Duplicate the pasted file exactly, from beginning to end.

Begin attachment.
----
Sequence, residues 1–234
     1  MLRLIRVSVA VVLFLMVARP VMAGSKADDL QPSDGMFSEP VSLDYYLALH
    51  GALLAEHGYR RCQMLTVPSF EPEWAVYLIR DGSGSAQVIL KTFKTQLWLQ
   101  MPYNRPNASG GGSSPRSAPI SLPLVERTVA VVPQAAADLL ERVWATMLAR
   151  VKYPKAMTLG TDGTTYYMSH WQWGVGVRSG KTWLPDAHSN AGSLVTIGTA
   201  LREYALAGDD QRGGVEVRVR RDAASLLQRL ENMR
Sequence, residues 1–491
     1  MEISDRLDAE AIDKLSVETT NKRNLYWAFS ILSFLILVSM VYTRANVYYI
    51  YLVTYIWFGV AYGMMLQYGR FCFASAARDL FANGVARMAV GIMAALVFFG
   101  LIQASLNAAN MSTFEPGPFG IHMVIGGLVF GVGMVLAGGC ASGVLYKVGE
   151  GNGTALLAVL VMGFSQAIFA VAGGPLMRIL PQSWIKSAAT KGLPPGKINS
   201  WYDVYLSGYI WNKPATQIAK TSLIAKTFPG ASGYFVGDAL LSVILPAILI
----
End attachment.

Sequence, residues 1–234
     1  MLRLIRVSVA VVLFLMVARP VMAGSKADDL QPSDGMFSEP VSLDYYLALH
    51  GALLAEHGYR RCQMLTVPSF EPEWAVYLIR DGSGSAQVIL KTFKTQLWLQ
   101  MPYNRPNASG GGSSPRSAPI SLPLVERTVA VVPQAAADLL ERVWATMLAR
   151  VKYPKAMTLG TDGTTYYMSH WQWGVGVRSG KTWLPDAHSN AGSLVTIGTA
   201  LREYALAGDD QRGGVEVRVR RDAASLLQRL ENMR
Sequence, residues 1–491
     1  MEISDRLDAE AIDKLSVETT NKRNLYWAFS ILSFLILVSM VYTRANVYYI
    51  YLVTYIWFGV AYGMMLQYGR FCFASAARDL FANGVARMAV GIMAALVFFG
   101  LIQASLNAAN MSTFEPGPFG IHMVIGGLVF GVGMVLAGGC ASGVLYKVGE
   151  GNGTALLAVL VMGFSQAIFA VAGGPLMRIL PQSWIKSAAT KGLPPGKINS
   201  WYDVYLSGYI WNKPATQIAK TSLIAKTFPG ASGYFVGDAL LSVILPAILI